Scotland's energy transition taking off with number of major investments - Angus Robertson

Angus Robertson in Berlin promoting Scottish renewablesAngus Robertson in Berlin promoting Scottish renewables
Angus Robertson in Berlin promoting Scottish renewables
Scotland’s energy transition is really taking off with a number of major investment announcements. Over £400 million is now assured for the construction of a massive port site at Ardesier near Inverness which will support the development of offshore wind parks.

In what is one of the biggest industrial regeneration projects in the Highlands for decades 450 acres in total, including 650 metres of new quayside, are being developed.

First Minister John Swinney said the development would help deliver a “fairer, greener future for everyone”.

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He said: “Scotland’s growing offshore wind capabilities present an era-defining opportunity – not only to achieve a just transition to net zero, but to harness the skills which lie across our energy sector and wider supply chain to create thousands of green jobs and transform our regional and national economies.”

The announcement for the Ardesier site, follows only weeks after confirmation of a £350m investment by Sumitomo Electric at the Port of Nigg for a new high voltage cable manufacturing facility. The cables will be an important component in the domestic supply chain for offshore renewables, and follows a Scottish Government visit to Japan to help deliver the deal.

Màiri McAllan is the Scottish Cabinet Secretary for Wellbeing Economy, Net Zero and Energy Secretary. She said: “The Nigg project is a significant milestone in bringing the infrastructure and manufacturing facilities critical to the growth of our world-leading offshore wind sector – and an important step towards our vision for Scotland’s net zero economy.”

Developments around Scotland’s coastline are seeing significant investment in port and industrial facilities as part of the transition towards renewables. There is also major progress towards the development of a hydrogen economy to further our efforts to reduce greenhouse gas emissions from Scotland’s energy system while ensuring a just transition.

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Scotland has vast renewable energy resources. Subject to planning and consenting decisions and finding a route to market, the Scottish Government has confirmed a potential pipeline of over 40 GW of offshore wind generation projects. This could enable the use of surplus electrons for the creation of low-cost renewable hydrogen. This generating potential opens up new economic opportunities for our nation to become a leading producer and exporter of renewable hydrogen. International demand for hydrogen is growing, with Germany especially keen to import hydrogen as part of their “Energiewende” energy transition.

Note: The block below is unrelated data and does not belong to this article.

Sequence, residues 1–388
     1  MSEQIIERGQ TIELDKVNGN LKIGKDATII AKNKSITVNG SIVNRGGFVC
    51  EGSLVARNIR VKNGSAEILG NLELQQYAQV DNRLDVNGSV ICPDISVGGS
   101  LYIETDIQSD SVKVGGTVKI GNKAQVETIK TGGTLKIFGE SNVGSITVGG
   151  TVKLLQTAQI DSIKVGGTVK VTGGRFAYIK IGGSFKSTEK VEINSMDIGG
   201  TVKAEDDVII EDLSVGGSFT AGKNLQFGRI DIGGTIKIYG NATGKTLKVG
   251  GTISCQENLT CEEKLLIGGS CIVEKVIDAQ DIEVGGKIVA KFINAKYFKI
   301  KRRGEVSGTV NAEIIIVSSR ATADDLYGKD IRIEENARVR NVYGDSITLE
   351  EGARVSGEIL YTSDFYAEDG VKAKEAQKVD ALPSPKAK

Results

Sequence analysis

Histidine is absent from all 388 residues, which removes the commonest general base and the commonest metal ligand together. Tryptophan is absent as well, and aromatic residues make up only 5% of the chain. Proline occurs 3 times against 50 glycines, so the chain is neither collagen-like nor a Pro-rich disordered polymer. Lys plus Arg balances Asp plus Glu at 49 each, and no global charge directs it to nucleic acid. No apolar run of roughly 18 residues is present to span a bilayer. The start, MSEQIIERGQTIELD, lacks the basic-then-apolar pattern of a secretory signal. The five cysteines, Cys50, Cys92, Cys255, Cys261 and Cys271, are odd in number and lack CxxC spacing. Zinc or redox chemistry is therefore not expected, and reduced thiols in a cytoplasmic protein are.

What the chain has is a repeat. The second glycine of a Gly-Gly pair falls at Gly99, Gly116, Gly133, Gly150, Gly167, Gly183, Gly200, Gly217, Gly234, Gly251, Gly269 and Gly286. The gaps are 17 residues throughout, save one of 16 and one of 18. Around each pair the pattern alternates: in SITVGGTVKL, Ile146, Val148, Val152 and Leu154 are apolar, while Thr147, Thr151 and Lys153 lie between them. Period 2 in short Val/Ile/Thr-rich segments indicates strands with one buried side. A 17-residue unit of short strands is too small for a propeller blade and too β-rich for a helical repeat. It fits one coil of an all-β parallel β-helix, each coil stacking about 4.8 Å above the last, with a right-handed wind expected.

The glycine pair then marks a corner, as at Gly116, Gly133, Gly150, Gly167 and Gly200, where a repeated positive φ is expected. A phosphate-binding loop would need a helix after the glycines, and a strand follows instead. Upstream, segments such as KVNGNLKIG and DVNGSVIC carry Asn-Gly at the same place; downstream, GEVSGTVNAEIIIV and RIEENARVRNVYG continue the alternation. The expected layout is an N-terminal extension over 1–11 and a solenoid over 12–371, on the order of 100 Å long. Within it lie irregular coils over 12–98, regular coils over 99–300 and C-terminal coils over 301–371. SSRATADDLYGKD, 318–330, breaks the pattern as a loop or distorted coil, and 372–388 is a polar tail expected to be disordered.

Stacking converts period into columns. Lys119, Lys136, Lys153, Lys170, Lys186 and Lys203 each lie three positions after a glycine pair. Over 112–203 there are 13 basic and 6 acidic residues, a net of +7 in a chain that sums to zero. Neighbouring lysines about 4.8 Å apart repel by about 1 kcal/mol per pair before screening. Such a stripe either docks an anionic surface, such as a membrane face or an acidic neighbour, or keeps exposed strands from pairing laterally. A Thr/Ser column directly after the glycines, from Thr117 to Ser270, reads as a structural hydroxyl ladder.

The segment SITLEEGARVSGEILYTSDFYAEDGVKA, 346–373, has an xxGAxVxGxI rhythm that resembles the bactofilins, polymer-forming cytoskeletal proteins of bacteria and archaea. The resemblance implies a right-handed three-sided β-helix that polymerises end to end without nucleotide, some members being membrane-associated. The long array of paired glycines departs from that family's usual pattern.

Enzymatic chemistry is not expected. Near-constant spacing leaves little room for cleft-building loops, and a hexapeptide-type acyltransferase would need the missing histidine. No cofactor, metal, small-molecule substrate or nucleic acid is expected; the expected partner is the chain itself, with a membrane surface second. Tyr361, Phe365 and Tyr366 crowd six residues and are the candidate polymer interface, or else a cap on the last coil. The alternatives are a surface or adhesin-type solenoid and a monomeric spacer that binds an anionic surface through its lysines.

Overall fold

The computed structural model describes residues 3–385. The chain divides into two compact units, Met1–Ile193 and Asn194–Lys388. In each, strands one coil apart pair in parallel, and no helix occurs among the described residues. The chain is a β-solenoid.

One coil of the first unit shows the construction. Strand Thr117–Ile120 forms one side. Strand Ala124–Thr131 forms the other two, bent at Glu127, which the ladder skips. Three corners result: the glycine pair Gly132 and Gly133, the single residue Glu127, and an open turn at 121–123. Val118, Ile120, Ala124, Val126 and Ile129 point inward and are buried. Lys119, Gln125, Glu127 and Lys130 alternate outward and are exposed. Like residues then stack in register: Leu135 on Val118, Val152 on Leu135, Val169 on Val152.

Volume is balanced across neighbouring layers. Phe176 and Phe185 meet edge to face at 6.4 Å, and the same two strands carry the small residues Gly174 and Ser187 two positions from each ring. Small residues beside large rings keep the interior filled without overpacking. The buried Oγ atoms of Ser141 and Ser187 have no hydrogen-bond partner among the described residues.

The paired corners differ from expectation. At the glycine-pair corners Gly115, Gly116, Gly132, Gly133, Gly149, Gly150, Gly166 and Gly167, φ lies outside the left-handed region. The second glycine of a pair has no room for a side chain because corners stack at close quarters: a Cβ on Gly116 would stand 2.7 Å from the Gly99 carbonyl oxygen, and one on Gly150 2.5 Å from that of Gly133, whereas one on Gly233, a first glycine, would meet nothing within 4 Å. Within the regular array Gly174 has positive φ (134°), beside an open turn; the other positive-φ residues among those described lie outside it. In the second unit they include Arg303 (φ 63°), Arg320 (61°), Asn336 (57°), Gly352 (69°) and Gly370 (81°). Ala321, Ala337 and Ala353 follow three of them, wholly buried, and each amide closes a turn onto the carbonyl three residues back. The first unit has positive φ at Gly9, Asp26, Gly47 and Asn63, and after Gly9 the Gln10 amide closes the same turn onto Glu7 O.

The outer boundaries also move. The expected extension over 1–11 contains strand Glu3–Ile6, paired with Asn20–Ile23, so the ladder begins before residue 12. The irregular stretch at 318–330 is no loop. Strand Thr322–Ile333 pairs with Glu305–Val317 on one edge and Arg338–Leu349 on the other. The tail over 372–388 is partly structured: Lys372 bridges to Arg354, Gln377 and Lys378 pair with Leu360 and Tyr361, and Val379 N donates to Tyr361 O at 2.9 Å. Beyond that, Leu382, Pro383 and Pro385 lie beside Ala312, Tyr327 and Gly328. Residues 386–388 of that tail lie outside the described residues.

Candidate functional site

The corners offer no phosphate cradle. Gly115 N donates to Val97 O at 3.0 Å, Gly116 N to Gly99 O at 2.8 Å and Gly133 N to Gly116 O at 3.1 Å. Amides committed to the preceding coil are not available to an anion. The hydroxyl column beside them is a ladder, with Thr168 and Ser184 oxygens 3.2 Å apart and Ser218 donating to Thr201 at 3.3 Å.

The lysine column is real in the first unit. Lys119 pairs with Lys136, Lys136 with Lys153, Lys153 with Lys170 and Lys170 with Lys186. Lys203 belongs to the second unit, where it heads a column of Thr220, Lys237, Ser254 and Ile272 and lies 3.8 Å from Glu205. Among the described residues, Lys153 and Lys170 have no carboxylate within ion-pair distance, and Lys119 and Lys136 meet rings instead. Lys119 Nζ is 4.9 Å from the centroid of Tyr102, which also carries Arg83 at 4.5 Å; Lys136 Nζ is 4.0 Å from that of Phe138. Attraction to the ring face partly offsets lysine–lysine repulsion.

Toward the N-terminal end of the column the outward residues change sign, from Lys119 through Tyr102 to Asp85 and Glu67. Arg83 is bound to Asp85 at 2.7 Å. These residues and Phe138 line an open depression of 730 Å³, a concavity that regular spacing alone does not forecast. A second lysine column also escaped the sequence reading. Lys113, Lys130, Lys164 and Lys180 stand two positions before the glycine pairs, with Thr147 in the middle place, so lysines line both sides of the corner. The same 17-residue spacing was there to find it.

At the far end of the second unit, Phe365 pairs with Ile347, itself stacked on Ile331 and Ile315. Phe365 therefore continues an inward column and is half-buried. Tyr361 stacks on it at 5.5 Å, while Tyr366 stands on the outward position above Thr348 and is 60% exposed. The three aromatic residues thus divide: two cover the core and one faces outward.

In recent discussions in Berlin I met with the key German government advisors on hydrogen for the Federal Chancellory and Ministry for Economy and Climate Change. They are extremely keen to explore the potential to import hydrogen from Scotland, including pipeline interconnectivity. Berlin also hosted an Arctic Assembly event where I was able to showcase what Scotland has to offer when it comes to renewables.

Green hydrogen production from renewables will pave the way for gigawatt-scale hydrogen production linked to offshore wind and carbon capture utilisation and storage towards the end of the decade and the establishment of several regional hydrogen hubs servicing industry, heat and multi-modal transport, alongside the export market.

Scotland’s energy transition is already underway. We can help neighbours like Germany with their Energiewende too. All of Scotland’s northern neighbours have tremendous renewable energy potential. By working together to make northern Europe an interconnected centre of innovation and renewable energy export we can become the “battery of continental Europe”.

Angus Robertson is Constitution, External Affairs and Culture Secretary